Just out of curiosity, I checked in with longtime Frisky commenter JSW, who is the father of two daughters, ages six and 10. As I suspected, he agreed with me on the creepiness factor. But he also had another point to make. “I don’t see an issue with it from the point of view of a father/daughter event,” JSW wrote. “[Our] town has an annual father-daughter dance, and so does the elementary school and my girls love to go. Love love love love to go. So I go, and it’s enjoyable because they’re having so much fun. And it’s a dance, not a date, but there are date-ish undertones. I suspect they’d like to go to the Chick-Fil-A thing as well. … The ‘date’ term is fun for kids, but not something I’d be comfortable with for teenagers” who have “genuine romantic feelings.”

That’s the other ick-factor in all this: Chick-Fil-A’s use of hearts, pretty invites, and the overall theme of “romance.” Clearly, I have issues with the sexism inherent in teaching daughters their role is to submit to either a father or husband. (Unless that decision is truly an adult woman’s choice, which is another topic entirely.) But I especially have issues with conflating sexual feelings for a boyfriend/husband with filial love feelings for a father. As Andrea Grimes wrote on Hay Ladies, “The idolization of the person ‘Daddy’ in romantic terms presupposes a female sexuality that is solely concerned with innocent romance (whatever that means) and wooing, and not ever with sexual behavior or pleasure.” (I sent the Hay Ladies post to an older male friend with an eight-year-old daughter, asking his opinion, and he minced no words suggesting it sounds “incestuous. So there’s that.) There’s plenty of ways to do daddy-daughter events — even daddy-daughter events with date-like elements, like giving her flowers! — that aren’t so suggestive of l’amour. If the ultimate, well-intentioned goal of daddy-daughter events, whether it’s my Girl Scout trips or Chick-Fil-A’s date nights, is to solidify a father’s place as a loving parent and sounding board — which is a worthy goal indeed — there’s no reason to make it creepy.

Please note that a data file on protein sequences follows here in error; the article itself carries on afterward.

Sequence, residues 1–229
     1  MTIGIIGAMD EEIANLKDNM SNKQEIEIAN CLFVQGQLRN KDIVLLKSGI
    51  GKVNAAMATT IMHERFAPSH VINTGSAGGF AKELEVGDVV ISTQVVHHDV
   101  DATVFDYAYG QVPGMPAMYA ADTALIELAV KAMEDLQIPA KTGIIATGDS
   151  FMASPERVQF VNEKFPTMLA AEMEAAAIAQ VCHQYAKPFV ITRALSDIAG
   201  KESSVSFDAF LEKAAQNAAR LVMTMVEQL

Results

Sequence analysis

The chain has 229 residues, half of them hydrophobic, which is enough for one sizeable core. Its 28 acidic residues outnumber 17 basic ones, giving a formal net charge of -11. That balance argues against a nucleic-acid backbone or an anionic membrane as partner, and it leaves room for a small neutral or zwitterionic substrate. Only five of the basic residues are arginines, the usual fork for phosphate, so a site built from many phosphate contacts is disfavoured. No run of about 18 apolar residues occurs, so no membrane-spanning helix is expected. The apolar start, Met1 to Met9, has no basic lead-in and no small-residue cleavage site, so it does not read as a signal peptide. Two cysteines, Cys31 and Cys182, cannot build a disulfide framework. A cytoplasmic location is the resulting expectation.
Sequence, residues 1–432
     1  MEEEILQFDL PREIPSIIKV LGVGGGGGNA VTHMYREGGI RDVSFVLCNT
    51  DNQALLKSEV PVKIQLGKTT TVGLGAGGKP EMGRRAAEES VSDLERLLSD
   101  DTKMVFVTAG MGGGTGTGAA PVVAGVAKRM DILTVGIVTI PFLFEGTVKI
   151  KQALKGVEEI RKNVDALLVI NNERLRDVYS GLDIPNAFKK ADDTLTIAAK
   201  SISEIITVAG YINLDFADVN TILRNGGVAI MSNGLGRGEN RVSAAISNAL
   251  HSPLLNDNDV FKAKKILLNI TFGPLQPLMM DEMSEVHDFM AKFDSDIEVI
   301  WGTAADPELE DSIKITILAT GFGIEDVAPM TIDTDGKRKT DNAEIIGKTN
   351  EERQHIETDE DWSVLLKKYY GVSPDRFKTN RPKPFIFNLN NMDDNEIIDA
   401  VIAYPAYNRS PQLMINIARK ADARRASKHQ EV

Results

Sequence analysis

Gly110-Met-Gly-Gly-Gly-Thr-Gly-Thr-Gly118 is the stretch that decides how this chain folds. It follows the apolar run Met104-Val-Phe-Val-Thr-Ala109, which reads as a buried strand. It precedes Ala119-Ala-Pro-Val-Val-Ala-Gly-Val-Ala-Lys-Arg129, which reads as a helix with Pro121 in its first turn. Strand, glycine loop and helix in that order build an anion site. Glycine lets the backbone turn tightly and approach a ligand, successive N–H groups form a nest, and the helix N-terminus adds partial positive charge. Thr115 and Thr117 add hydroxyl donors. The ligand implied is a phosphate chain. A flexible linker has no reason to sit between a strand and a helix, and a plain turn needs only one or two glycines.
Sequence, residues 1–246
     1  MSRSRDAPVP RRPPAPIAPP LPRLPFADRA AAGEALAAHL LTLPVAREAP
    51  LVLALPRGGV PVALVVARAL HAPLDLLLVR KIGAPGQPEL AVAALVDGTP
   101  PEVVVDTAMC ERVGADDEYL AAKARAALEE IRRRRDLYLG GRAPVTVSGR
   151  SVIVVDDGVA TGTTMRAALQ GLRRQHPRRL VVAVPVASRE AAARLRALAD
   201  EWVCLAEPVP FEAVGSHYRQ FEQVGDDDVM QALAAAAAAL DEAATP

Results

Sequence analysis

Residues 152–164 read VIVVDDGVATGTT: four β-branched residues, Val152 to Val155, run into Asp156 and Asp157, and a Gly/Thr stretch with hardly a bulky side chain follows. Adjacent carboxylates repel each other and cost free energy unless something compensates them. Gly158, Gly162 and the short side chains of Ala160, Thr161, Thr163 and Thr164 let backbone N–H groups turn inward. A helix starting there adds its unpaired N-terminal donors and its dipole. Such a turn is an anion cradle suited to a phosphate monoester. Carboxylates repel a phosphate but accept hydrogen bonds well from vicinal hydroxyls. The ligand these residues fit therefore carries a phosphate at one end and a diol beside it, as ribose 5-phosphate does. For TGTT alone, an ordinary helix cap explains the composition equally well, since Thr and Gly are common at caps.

All that said, JSW had a valid point: little kids of any age just want to hang out with their dads and they don’t care about the venue (or the sexual-political-religious implications behind it). I’ve written here on The Frisky about my great relationship with my father. As an adult woman, my dad and I are good pals. But as a kid, I didn’t get to spend too much time one-on-one with him. Dad had five children to give attention to, plus he worked a full-time job and volunteered on (Republican!) political campaigns. I don’t have too many memories of Dad and I spending time alone when I was a kid, which makes the ones I do have really special — like the Girl Scout trip to Camp Hi-Rock where we shot BB guns together. As someone who grew up liberal Christian and with a burgeoning feminist consciousness, I don’t think as a girl that I would have dismissed other daddy-daughter events out of hand. I wanted to hang out with my dad. But no amount of greasy fried deliciousness could get me to go on a “date” with him.

What do you think about Chick-Fil-A’s daddy-daughter date night?

[Hay Ladies]
[Dallas Observer]